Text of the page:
Aryan(Jindal Global Law School) & Gauri Singh(Durham University,U.K.) analyzes the interpretation of Article 48 by Indian Courts with special emphasis on the issue of cow slaughter and importance of the principle of ‘Constitutionalism’

In the landmark case of I.R. Coelho (Dead) By LRs. vs. State of Tamil Nadu and Ors[1], The Supreme Court of India highlighted the importance of the principle of ‘Constitutionalism.’ The Court noted that Constitutionalism limits absolutism[2] and denotes the control on the exertion of authority by the Government, to ensure that the fundamental principles of democracy are not undermined. The Court further acknowledged that the principle of Constitutionalism extends to the safeguard of fundamental rights, separation of power, and the sacredness/supremeness of the Constitution. The ruling of the Court replicates the principles of ‘Basic Structure’that has been historically laid down in the ‘Kesavananda Bharati Sripadagalvaru and Ors. v. State of Kerala’, wherein the Court laid down that “basic features”of the Constitution cannot be amended.[3] The question of Constitutionalism is often discussed in relation to Article 48 of the Constitution and its application to prohibit the slaughter, sale, and consumption of cow in India. Article 48 of the Constitution of India has been prescribed under the ‘organization of agriculture and animal husbandry’and is a directive principle of state policy for the prohibition of cow slaughter.[4] Relying on the same, several states in India have laws pertaining to restrictions upon sale, consumption, and slaughter of cows.[5]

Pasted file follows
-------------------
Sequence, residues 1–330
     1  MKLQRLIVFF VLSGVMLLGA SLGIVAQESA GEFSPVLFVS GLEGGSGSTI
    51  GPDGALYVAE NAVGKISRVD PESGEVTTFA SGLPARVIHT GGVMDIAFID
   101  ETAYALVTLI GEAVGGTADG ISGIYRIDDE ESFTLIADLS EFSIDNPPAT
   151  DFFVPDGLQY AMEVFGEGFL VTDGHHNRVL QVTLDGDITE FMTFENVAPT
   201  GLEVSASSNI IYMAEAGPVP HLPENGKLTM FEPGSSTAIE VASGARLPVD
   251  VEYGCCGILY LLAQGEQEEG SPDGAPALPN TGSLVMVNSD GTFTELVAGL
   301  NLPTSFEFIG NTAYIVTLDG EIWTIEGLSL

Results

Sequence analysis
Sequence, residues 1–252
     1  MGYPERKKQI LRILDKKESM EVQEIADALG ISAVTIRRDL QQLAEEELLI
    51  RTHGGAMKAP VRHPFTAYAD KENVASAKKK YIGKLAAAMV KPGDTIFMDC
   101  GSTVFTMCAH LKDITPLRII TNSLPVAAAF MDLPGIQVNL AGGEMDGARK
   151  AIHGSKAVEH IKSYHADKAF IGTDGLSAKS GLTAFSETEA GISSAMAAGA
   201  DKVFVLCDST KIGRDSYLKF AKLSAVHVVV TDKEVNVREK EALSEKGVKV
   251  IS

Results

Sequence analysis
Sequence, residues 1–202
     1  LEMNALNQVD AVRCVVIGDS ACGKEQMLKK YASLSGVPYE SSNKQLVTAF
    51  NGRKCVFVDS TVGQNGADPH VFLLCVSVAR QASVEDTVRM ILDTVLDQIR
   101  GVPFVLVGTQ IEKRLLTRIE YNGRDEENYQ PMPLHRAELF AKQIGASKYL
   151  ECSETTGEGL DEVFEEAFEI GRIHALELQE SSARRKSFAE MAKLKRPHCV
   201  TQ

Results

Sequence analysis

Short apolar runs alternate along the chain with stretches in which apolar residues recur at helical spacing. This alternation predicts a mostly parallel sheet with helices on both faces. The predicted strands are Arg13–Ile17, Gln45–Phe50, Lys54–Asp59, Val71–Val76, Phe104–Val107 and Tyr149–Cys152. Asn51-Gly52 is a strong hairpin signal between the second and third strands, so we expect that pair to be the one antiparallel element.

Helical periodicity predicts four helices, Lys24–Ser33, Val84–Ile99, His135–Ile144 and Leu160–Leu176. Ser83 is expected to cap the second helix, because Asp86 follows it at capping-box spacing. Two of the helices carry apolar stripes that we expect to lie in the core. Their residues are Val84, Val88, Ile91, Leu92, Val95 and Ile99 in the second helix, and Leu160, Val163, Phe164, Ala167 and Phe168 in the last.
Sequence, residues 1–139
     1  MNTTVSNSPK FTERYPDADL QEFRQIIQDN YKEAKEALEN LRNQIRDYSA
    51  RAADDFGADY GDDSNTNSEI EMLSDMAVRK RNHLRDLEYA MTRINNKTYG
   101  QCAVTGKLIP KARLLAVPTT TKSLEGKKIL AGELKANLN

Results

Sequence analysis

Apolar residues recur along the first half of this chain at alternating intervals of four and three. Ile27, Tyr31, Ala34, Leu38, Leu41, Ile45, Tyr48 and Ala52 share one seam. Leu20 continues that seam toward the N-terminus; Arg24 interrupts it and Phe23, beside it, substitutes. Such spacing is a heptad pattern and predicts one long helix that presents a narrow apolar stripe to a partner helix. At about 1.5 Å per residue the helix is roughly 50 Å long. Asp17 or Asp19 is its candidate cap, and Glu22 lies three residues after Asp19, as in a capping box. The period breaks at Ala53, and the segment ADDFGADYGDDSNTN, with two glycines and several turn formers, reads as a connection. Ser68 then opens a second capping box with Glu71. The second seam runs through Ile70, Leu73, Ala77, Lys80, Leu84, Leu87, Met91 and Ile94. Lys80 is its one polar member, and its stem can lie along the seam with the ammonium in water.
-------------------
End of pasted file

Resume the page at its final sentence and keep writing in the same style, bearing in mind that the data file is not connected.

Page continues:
‘Article 48 of Constitution of India’ is a controversial inclusion in the Constitution of India, and both economic and religious reasons were cited to support its incorporation during the Constitutional Assembly debates.[6] However, as evident from the language of the Article, the drafters have conceived the inclusion of the Article on scientific and economic grounds. Several important cases have delved into the interpretation of Article 48 of India’s Constitution and its conflict with the fundamental rights prescribed under Part III of the Constitution. One of the first cases dealing with the Constitutional validity of laws prohibiting cow slaughter, and Article 48 was Mohd. Hanif Quareshi v State of Bihar[7].In this case, the Court considered the conflict between a total ban under Article 48 and Article 19(1)(g) and 25 of the Constitution of India. The Court dismissed the claims pertaining to Article 25, citing that cows’ slaughter was not an essential practice in Islam and thus didn’t violate the religious rights of any Muslim. With respect to the claims regarding the right to the profession of butchers under Article 19(1)(g)of the Constitution of India, the Court cited the economic utility of cows in the agricultural process as a justification of the cow slaughter laws. However, importantly, the Court interpreted Article 48of India’s Constitution as a practical provision and calved out an exception with respect to the slaughter of buffaloes and bulls in the event that they cease to be productive and are rendered incapable of providing milk or operating as draught cattle.